I was reading a story about Bill Nye, the Science Guy, a couple of days ago when I came across a sentence that literally made me groan out load. It said, "In June, a Gallup poll revealed that 46 percent of Americans believe that God created humans in their present form about 10,000 years ago." So much for science and the fossil record. So much for critical thinking. These people prefer to accept the Bible as their scientific and historical text and not worry their little heads about any more complicated explanations. Oh, well, I guess we should just be relieved that the percentage wasn't even higher.
As the story pointed out, the United States stands alone among modern industrialized states in this Know-Nothingism. It's only in the most backward and theocratic places on earth that you would find such a high percentage of people who refuse to acknowledge evolution as settled science.
The same disheartening assessment can be made regarding human-caused global warming. The United States is the center, the hotbed of denialism.
Indeed, a denial of evolution and a denial of global climate change seem to go hand-in-hand. Both refusals to accept the facts established by science involve a kind of magical thinking. Dinosaurs and humans walked the earth at the same time and Noah carried two of them onto the Ark! God is looking out for us and will not allow the earth's systems to be destroyed by human negligence; therefore, global warming cannot be happening. Both thought processes, of course, absolve humans of any responsibility for the consequences of their actions.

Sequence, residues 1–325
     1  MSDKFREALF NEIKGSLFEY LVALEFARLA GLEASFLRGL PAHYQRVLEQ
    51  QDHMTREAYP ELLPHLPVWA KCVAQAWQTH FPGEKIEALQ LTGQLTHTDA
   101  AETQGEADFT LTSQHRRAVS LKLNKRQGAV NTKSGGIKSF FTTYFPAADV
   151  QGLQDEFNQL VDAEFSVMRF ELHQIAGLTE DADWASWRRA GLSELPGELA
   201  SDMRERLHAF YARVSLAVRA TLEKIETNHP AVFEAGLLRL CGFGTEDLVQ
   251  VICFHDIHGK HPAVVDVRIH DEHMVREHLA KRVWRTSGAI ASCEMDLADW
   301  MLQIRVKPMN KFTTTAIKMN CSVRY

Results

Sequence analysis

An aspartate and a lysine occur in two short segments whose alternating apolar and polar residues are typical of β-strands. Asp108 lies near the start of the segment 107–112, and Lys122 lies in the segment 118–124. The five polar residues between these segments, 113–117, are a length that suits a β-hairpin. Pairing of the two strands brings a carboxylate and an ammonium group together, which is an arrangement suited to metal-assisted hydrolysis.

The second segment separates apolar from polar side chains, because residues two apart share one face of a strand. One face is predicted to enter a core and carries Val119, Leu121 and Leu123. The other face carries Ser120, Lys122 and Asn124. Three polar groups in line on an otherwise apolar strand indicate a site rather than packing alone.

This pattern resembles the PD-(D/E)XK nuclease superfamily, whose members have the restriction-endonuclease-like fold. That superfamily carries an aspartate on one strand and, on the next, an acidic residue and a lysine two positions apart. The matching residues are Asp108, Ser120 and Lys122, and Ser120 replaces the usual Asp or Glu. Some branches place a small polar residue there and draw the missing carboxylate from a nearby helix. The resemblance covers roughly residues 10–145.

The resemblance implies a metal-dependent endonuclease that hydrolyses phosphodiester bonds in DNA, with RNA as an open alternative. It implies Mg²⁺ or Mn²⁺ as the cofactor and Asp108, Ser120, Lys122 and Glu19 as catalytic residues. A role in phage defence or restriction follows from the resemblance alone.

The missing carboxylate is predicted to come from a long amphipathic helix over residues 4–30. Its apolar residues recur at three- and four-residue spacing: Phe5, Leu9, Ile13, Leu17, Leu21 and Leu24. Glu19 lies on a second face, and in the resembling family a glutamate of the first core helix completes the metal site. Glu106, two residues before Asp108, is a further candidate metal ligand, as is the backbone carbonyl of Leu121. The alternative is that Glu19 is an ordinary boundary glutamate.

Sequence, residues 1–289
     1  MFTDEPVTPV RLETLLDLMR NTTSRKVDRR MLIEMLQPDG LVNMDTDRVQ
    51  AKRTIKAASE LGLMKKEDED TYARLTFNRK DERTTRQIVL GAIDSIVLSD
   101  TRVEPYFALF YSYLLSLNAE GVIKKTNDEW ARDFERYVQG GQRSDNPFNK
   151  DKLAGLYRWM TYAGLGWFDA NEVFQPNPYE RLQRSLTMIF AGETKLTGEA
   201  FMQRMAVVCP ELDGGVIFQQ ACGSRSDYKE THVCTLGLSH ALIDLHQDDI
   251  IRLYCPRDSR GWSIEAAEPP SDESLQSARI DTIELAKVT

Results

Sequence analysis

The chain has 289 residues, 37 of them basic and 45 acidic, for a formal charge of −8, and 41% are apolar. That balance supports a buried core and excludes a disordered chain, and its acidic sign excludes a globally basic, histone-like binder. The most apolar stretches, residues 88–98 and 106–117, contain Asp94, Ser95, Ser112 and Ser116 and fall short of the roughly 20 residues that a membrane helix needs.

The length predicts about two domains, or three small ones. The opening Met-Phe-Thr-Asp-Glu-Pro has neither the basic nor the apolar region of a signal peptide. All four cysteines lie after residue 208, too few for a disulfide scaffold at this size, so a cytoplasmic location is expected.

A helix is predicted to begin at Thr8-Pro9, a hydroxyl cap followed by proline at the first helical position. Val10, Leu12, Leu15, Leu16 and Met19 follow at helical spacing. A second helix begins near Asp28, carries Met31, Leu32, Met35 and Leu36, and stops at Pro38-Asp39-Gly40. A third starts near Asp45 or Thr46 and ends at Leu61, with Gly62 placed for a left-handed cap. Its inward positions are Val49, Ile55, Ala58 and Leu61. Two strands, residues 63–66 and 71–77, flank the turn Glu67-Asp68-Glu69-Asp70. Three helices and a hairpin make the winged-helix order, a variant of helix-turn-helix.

In this march back to the Dark Ages, Texas Republicans proudly lead the way. Earlier this year, they came up with a party platform that sought to ban the teaching of critical thinking skills in schools! Their reason was that critical thinking causes people to focus on behavior modification and, according to them, it has "the purpose of challenging the student's fixed beliefs and undermining parental authority." Heaven forbid that a fifteen-year-old should be forced to reexamine his/her "fixed beliefs" or that s/he should question whether father really knows best.
This refusal of a large percentage of Americans to think critically and rationally about issues facing them and the country certainly goes a long way toward explaining many of the problems which our society has. It truly is enough to make one despair of the future. In fact, Bill Nye himself seems to despair of the adults whose brains are already ossified, but, in a video that is making its way around the Internet, he asks them please not to impose their beliefs on their children.
It seems a reasonable argument to me. Let the kids think for themselves and make up their own minds. Somehow, though, I doubt it will be persuasive to that 46 percent that the Gallup pollsters counted.